Environmental threats to children’s health

What is the importance of understanding environmental risk for children’s health?

Mother and daughter reading

  • Despite improvements in sanitation, vaccination, nutrition, surveillance and monitoring of disease as well as and the development of antibiotics, there continue to be increases in diseases and disorders that affect children, e.g., asthma, cancer, low birth weight, vehicular and other homicides, developmental disabilities, smoking and obesity.
  • Accumulating evidence that environmental factors, e.g., the use of fossil fuels, lead-based paints, solvents, pesticides and polychlorinated biphenyls (PCBs), and over-dependence on television to provide entertainment, contribute to these increases.
  • Little attention is paid to environmental health in medical schools, and few doctors are trained to recognize and respond to environmental issues.
  • Typically, environmental health problems are cumulative and subtle, appearing long after initial exposure to the offending substance, and requiring training to recognize.
  • Furthermore, the training of new medical professionals in the office setting gives them little opportunity to observe seasoned professionals in the role of community advocate.
  • The current structure of the health care delivery system, which views primary care as beginning when the patient first seeks medical care, pays inadequate attention to the environment into which the child is born.

What can health providers do to reduce environmental risks to children?

  • Get out of the office and into the neighborhoods in which the children live to witness the environmental conditions and health risks.
  • Strengthen advocacy efforts even in the face of political realities that bring resistance to change in influential segments of the community. For example, advocacy for child health could threaten the profits and jobs of those manufacturing pesticides, solvents and PCBs, causing uncomfortable pressure on local and national politicians.
  • Begin advocacy early, which is when science has shown that a substance, product or activity is more likely to cause problems, rather than waiting until such has been proven beyond doubt.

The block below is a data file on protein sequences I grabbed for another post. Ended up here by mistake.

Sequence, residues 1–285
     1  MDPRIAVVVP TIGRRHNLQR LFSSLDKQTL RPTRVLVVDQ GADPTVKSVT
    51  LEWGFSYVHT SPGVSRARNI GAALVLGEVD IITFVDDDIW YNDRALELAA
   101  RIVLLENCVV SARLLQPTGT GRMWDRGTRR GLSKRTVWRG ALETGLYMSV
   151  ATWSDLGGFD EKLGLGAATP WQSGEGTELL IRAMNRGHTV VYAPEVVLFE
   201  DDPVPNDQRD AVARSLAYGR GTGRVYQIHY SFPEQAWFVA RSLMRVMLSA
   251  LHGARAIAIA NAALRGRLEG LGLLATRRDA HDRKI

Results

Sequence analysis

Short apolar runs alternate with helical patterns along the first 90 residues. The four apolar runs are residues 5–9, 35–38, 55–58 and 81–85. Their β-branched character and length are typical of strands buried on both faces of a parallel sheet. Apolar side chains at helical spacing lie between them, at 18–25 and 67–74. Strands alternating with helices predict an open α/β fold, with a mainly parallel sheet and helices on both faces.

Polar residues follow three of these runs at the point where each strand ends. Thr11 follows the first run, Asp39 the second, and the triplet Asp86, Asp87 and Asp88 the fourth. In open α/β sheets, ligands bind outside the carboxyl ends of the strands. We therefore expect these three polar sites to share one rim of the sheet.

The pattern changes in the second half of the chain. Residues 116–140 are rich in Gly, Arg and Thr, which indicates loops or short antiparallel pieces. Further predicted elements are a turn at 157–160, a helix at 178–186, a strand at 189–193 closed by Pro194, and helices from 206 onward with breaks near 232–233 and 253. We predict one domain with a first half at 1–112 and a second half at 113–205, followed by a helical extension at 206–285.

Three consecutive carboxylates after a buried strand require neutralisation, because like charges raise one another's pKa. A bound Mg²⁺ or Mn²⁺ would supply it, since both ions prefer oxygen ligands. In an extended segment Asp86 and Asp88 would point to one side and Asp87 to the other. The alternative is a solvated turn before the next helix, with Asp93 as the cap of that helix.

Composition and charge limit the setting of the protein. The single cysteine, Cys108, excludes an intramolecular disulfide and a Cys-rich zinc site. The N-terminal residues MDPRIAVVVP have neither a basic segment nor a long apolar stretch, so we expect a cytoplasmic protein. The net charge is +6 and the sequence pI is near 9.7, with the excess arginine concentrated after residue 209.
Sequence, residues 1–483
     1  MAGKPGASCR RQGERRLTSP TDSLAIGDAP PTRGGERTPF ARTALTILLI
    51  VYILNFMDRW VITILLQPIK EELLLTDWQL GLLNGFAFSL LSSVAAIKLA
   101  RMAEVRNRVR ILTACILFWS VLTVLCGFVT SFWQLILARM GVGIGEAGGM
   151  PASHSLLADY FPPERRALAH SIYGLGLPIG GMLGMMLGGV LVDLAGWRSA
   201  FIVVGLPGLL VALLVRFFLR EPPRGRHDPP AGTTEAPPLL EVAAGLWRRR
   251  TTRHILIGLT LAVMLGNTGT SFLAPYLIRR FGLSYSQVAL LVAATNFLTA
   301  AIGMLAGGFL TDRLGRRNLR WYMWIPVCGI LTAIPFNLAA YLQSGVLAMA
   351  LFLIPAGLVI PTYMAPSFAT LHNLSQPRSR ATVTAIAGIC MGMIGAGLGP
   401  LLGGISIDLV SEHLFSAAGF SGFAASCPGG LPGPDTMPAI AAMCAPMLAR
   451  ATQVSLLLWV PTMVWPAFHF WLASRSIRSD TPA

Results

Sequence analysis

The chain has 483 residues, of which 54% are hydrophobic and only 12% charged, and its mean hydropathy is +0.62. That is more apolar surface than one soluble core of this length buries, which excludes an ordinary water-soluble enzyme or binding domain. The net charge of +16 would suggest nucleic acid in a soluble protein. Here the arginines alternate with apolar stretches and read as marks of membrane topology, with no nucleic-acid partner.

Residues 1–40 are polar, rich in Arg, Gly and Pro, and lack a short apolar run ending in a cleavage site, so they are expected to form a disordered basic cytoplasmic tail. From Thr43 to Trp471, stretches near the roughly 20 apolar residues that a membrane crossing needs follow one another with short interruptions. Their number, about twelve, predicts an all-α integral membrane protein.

• Develop a mechanism to study and formulate responses to legislation favoring industries producing substances, products and activities that threaten children’s health.
  • Expand the time spent in medical schools on environmental health issues. Develop opportunities for medical students and house staff to get out into the community.
  • Have medical students and house staffs undertake environmental scans and assessments of pesticide use in areas where their patients live. Use the data to communicate with residents and policymakers and organize exposure studies in school districts, housing projects, apartment buildings and other places where children routinely spend time.
  • Encourage medical school pediatrics departments to link with such community groups, as educators, social workers, residents and other community organizers to provide research expertise and data on various environmental exposures.
  • Collaborate with colleagues in other disciplines to increase understanding of threats to children’s health from environmental degradation.
  • Make participation in an advocacy experience among the requirements of residency.


Crain, E.F. (2000). Environmental threats to children’s health: A challenge for pediatrics: 2000 Ambulatory Pediatric Association (APA) presidential address. Pediatrics, 106(4), 871-875.